Most Asian markets up on midterm results
Other than China - due to trade war worries - regional markets ended in the green with STI rising 0.91 per cent
Asian markets rose broadly yesterday, as the US midterm elections panned out pretty much as analysts had expected - with the Democrats taking the House of Representatives while the Republicans retained control of the Senate.
DBS chief investment officer Hou Wey Fook said the results were overall positive for financial markets because the political gridlock caused by a split Congress will weigh on fiscal stimulus in the US, and in turn slow down the rise of the US dollar and rates.
"To push his economic agenda through, Trump will now need to seek compromises from both sides of the aisle - a tall order after running a polarising two-year presidency," said Mr Hou.
"We expect Trump's tax reform and other infrastructure programmes to face stiffer resistance."
Ms Silvia Dall'Angelo, senior economist at Hermes Investment Management, noted that trade tensions with China may escalate, saying: "A constrained President Trump might focus more forcefully on his trade agenda, an area where he enjoys wider freedom to implement policies without Congress approval."
China released trade data yesterday showing both imports and exports beat expectations last month, but analysts attributed the better performance to traders rushing shipments to the US ahead of higher tariffs and do not expect it to extend into a long-term trend.
As a result, the trade war's impact on the country's economy remains uncertain. Chinese markets closed lower, with the Shanghai Composite Index retreating 0.2 per cent to 2,635.63 points and the Shenzhen index falling 0.5 per cent to end at 1,333.98.
Otherwise, regional markets ended in the green, with Japan's Nikkei 225 jumping 1.8 per cent to 22,486.92, while the Kospi index in Seoul ended 0.67 per cent higher at 2,092.63.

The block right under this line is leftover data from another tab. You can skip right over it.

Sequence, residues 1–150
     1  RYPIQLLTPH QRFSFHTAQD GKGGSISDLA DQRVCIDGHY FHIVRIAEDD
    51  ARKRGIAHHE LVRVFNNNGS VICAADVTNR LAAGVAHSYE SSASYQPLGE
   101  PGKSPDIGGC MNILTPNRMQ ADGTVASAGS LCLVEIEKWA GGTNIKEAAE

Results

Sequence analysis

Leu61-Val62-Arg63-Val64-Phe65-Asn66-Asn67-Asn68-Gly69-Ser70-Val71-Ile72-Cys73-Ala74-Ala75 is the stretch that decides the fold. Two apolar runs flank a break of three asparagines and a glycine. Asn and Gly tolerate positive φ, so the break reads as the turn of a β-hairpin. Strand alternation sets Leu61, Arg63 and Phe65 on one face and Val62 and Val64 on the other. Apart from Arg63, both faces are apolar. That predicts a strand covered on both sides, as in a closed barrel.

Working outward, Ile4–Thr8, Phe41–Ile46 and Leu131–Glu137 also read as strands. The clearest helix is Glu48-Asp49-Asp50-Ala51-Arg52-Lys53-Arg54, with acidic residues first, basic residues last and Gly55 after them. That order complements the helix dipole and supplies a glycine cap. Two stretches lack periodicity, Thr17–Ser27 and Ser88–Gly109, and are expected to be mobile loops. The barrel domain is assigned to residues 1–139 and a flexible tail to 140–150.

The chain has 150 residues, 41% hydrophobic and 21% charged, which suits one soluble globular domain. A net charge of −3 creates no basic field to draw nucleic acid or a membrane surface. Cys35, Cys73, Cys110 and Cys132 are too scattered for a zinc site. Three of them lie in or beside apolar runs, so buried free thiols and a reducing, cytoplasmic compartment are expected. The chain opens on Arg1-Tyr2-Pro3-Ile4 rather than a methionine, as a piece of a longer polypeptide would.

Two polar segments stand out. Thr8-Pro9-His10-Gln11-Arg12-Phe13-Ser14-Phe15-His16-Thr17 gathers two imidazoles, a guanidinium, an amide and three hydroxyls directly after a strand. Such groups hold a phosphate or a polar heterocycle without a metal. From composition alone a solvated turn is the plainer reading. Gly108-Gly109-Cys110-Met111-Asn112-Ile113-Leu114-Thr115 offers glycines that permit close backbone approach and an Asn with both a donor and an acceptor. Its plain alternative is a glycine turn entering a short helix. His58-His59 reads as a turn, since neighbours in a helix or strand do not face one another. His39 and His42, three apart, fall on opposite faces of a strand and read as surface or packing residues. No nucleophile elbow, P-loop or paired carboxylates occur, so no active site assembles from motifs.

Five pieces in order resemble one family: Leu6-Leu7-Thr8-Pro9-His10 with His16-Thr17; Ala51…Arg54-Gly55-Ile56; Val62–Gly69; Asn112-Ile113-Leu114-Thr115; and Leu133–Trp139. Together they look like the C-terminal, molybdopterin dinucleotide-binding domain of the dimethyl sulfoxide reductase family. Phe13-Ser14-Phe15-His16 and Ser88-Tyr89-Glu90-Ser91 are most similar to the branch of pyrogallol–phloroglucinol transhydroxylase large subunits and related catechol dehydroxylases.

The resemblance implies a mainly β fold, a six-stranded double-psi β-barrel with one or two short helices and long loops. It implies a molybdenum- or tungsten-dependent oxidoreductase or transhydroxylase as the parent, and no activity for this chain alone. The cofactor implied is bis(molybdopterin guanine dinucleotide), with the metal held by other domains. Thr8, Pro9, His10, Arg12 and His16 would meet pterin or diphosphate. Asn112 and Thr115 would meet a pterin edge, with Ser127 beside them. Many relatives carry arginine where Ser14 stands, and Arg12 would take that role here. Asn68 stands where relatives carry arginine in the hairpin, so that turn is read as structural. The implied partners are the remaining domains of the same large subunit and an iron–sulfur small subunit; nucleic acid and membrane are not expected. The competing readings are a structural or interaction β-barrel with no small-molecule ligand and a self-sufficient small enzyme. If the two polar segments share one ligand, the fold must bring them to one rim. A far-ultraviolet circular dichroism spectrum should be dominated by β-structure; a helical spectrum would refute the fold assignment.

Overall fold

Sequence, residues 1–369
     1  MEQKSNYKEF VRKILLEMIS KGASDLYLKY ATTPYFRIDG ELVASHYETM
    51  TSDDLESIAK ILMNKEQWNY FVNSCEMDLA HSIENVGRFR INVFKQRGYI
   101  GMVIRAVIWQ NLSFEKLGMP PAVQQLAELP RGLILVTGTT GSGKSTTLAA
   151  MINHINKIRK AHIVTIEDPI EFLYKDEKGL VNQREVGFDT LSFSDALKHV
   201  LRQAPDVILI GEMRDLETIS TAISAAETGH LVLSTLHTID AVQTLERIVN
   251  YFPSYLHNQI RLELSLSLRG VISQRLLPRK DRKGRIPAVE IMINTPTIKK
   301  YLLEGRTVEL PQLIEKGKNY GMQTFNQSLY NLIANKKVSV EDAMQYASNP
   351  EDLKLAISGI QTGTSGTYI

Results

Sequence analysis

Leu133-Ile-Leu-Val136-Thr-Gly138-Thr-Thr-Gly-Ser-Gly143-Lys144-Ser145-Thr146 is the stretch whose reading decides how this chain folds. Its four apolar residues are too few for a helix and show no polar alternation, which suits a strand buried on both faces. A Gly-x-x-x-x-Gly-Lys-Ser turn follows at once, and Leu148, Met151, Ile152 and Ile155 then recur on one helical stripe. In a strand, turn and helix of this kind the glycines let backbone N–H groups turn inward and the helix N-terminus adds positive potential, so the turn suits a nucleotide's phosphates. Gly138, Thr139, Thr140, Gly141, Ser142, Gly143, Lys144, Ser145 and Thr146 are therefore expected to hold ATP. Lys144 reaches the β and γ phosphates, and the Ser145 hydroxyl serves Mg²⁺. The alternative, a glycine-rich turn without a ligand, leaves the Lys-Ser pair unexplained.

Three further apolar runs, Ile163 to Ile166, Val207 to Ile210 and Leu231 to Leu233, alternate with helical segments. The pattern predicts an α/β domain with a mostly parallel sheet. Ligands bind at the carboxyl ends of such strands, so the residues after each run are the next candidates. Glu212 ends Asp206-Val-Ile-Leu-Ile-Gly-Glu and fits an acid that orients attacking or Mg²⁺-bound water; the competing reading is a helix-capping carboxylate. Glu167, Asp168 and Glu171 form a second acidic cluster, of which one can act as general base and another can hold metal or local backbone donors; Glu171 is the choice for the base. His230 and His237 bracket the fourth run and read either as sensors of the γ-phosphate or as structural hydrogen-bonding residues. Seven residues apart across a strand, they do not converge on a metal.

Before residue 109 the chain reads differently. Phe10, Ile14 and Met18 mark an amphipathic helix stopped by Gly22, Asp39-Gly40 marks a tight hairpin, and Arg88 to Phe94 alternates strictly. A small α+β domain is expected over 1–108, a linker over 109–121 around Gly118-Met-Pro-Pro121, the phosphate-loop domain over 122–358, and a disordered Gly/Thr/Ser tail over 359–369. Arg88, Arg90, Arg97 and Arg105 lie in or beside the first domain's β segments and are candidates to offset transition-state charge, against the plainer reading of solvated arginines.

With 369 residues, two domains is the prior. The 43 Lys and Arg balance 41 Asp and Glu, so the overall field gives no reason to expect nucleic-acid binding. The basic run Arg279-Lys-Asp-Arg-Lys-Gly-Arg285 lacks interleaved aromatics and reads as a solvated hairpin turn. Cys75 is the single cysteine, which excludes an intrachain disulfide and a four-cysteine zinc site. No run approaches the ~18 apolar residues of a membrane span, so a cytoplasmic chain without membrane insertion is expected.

Markets in Hong Kong, Australia and Malaysia all closed slightly higher.
In Singapore, the key Straits Times Index (STI) picked up 27.88 points, or 0.91 per cent, to end at 3,093.24.
Turnover on the bourse was 1.74 billion shares worth $1.17 billion. Gainers and losers were evenly matched, with 192 securities up and 202 down.
Shares of Yangzijiang Shipbuilding (Holdings) rose three cents, or 2.3 per cent, yesterday to end at $1.32. The shipbuilder on Wednesday reported a 10 per cent fall in Q3 net profit, although its revenue rose 23 per cent in the same period.
OCBC research analyst Low Pei Han upgraded Yangzijiang to "buy" from "hold" with a higher fair value estimate of $1.41, while CGS-CIMB's Lim Siew Khee maintained her "add" call on the stock with an increased target price of $1.37.
Ms Lim said Yangzijiang's reported profit formed about 85 per cent of the consensus forecast for FY2018, and the shipbuilder is on track for stable operational and financial performance for the year overall.
Genting Singapore was the most heavily traded counter, with 52.7 million shares changing hands as it lost 2.5 cents, or 2.7 per cent, to end at 89 cents before releasing its Q3 results after market close. It posted a net profit of $210.4 million, up 46 per cent from a year ago.
Among losers, Singtel fell six cents, or 1.9 per cent, to $3.08, after posting a 77 per cent decline in Q2 net profit yesterday.
DBS analyst Sachin Mittal said in a flash note that Singtel's earnings may have bottomed out in H1 2019. He noted nearly 60 per cent of the miss was due to weak contribution from Singapore, which DBS had expected to provide stable profit.
ComfortDelGro lost 16 cents, or 6.8 per cent, to close at $2.20.
Deutsche Bank Research on Wednesday downgraded the stock to a "sell", flagging the start of a potential price war in the ride-hailing space as Grab increases driver incentives ahead of competitor Go-Jek's entry into Singapore.
ComfortDelGro is due to announce its earnings for the latest quarter today.
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